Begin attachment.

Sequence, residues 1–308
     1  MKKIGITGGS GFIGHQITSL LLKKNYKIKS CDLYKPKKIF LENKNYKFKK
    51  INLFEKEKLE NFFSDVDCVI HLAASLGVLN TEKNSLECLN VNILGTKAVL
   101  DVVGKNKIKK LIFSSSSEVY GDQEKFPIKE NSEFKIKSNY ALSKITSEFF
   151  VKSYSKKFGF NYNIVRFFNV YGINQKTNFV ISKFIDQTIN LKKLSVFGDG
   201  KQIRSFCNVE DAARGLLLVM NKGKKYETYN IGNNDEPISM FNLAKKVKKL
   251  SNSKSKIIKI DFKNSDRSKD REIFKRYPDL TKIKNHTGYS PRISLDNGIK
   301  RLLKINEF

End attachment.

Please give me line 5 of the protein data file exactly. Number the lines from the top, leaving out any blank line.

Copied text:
   151  VKSYSKKFGF NYNIVRFFNV YGINQKTNFV ISKFIDQTIN LKKLSVFGDG